Saturday, April 13, 2024

The Cornell’s “Flora” is a Garden of Sensorial Delights

Flowers have seduced artists since art was a thing. Botanical illustrations date back to first-century BC, lilies and carnations played key roles in 16th century Christian art, and trailblazers from Monet to Van Gogh to O’Keeffe devoted much of their corpuses to blooming flora. With 400,000 species of flowering plants from which to choose, options are as limitless as the artist’s imagination.

Hence the challenge posed to Melanie Johanson, curator of the Cornell Art Museum: How to whittle down the infinite sprawl of floral art into a thematically cohesive exhibition? For her spring exhibition “Flora,” she settled on nearly 30 artists from Delray Beach to South Korea, with a preference for those who thought outside the vase: The activists, the spiritualists, the deconstructionists.

Yes, there are a few of the expected lovely still-lifes hanging on the Cornell’s walls, but it’s their unexpected, site-specific counterparts that most tickle the mind and warm the heart. As soon as you enter the museum, regardless of the door you choose, you’ll be drawn like a magnet to Hayley Sheldon’s towering paper dandelion hanging upside down in the central atrium, its “windblown” buds settling on a nearby wall like static fireworks. Look down on it from the second floor or up into it from the first; either way, you feel like a Lilliputian, or like Matt Damon’s shrunken protagonist from “Downsizing”—a surreal and thrilling sensation.

An earlier version of "Floating Garden"
An earlier version of “Floating Garden”

The grandest showstoppers of “Flora” consume entire galleries, like Amanda McCavour’s “Floating Garden,” in which approximately 1,000 embroidered buttercups, asters and other pastel-hued plants suspend from the ceiling on individual lines of string. The installation includes a walking path bisecting the flowers, which dance like wind chimes at the slightest breeze generated by human movement. When you’re in its presence, you feel nothing but tranquility.

Upstairs, the tweeting birds and forest soundscape of “Enchanted” draws you into an intimate but despoiled paradise from sculptor Diane Arrieta and photographer/video artist Cheryl Maeder. The sensory data that envelops you as soon as you enter the gallery is almost overwhelming, but its totality is impactful. Maeder’s large-scale photos of children trying to wade on inner tubes in the mucky, swampy remnants of a river complement Arrieta’s series of animal sculptures, marooned on their own piles of tubes as a result of rising oceans and other losses of habitat. A video supplement reminds us that as more pollinator species are threatened, our once-Edenic gardens are under siege.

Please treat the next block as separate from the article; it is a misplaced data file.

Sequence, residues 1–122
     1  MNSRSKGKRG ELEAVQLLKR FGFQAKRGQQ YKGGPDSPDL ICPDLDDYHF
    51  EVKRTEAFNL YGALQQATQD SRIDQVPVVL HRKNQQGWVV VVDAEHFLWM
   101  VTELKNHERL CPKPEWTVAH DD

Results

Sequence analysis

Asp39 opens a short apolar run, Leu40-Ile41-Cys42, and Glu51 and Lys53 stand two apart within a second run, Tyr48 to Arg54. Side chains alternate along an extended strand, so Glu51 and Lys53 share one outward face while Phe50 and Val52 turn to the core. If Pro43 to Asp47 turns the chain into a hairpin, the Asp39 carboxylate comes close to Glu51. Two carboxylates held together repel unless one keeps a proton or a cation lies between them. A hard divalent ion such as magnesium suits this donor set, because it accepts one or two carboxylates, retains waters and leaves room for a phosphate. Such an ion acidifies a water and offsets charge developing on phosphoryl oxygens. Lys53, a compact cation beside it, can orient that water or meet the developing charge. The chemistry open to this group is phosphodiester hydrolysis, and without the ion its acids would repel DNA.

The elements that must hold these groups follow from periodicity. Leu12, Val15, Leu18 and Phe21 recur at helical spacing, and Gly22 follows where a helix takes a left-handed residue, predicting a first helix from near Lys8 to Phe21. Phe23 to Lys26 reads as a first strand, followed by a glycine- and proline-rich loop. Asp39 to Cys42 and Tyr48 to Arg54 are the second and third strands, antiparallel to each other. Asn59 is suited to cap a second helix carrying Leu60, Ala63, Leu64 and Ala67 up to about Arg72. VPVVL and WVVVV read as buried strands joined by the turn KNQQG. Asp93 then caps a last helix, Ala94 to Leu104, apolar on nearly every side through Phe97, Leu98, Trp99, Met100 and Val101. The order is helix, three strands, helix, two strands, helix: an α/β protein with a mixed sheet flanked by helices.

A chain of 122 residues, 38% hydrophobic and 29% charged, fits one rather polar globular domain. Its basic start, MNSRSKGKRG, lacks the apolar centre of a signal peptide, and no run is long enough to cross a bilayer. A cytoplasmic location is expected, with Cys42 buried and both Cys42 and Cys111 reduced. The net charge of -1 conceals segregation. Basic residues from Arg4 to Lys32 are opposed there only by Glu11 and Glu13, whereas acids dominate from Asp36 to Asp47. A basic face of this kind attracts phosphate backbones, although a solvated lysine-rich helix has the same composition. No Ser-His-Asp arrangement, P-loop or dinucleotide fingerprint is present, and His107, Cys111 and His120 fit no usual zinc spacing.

The relationship between nature and capitalism is also at the heart of Stephen Wilson’s luxury-brand boxes—like Gucci, Hermes and Chanel—repurposed with earthen, verdant textures, such as clusters of butterflies. Is Wilson’s work a criticism of consumerism, or a statement of harmony between conspicuous consumption and nature? The eye beholds.

"Mandala Grid"
“Mandala Grid”

From the medium to the message, there are no limits to the type of artists that made the “Flora” cut. We get fascinating cosmic collages from self-described ecofeminist Mira Lehr, a splatter “portrait”—you can kind of see where the face is—from painter Mike Chearney, and vividly real, tactile paintings by Carin Wagner. Miya Ando deployed dried ficus leaves to construct her kaleidoscopic “Mandala Grid,” and Metis Atash’s “Forget Me Not Featuring Warhol” is a fiberglass Buddha with a wardrobe of Warhol’s flowers and a punk haircut, glistening with Swarovski crystals. It’s as fun as it is potentially subversive, and it ties in with another piece situated at the front entrance.

Early Warhol
Early Warhol

At the risk of burying the lede much longer, “Flora” includes a drawing by Warhol himself, surely the most renowned artist to exhibit at this museum, and another notch on its belt of art-world respectability. The untitled still-life of flowers in vases, drawn with ink and tempera, predates his more-famous silkscreen flowers—the ones that emblazon the Buddha’s sparkling attire—and its blotted style reveals plenty of glorious frays and imperfections.

And yet, this piece isn’t even among the top 10 most interesting works in “Flora.” Even if you come for the Warhol, you’ll stay for the immersive walk-throughs. And walk through them again. And again.

“Flora” runs through Sept. 9 at Cornell Art Museum at Old School Square, 51 N. Swinton Ave., Delray Beach. Admission costs $5-$8. Call 561/243-7922 or visit

John Thomason
John Thomason
As the A&E editor of, I offer reviews, previews, interviews, news reports and musings on all things arty and entertainment-y in Palm Beach, Broward and Miami-Dade counties.

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